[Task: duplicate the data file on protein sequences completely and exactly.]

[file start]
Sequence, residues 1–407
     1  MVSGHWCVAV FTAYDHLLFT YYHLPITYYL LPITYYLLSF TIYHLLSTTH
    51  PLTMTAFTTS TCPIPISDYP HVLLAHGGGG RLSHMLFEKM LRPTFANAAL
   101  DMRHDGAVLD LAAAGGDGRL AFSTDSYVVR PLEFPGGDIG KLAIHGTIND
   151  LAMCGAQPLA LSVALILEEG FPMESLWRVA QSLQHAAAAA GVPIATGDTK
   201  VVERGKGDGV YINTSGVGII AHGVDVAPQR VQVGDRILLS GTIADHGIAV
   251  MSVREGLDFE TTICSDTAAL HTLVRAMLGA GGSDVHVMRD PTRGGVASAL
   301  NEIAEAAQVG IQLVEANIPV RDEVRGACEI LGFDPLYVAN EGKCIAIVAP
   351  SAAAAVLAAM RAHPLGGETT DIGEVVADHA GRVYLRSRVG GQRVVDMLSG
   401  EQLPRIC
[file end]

Sequence, residues 1–407
     1  MVSGHWCVAV FTAYDHLLFT YYHLPITYYL LPITYYLLSF TIYHLLSTTH
    51  PLTMTAFTTS TCPIPISDYP HVLLAHGGGG RLSHMLFEKM LRPTFANAAL
   101  DMRHDGAVLD LAAAGGDGRL AFSTDSYVVR PLEFPGGDIG KLAIHGTIND
   151  LAMCGAQPLA LSVALILEEG FPMESLWRVA QSLQHAAAAA GVPIATGDTK
   201  VVERGKGDGV YINTSGVGII AHGVDVAPQR VQVGDRILLS GTIADHGIAV
   251  MSVREGLDFE TTICSDTAAL HTLVRAMLGA GGSDVHVMRD PTRGGVASAL
   301  NEIAEAAQVG IQLVEANIPV RDEVRGACEI LGFDPLYVAN EGKCIAIVAP
   351  SAAAAVLAAM RAHPLGGETT DIGEVVADHA GRVYLRSRVG GQRVVDMLSG
   401  EQLPRIC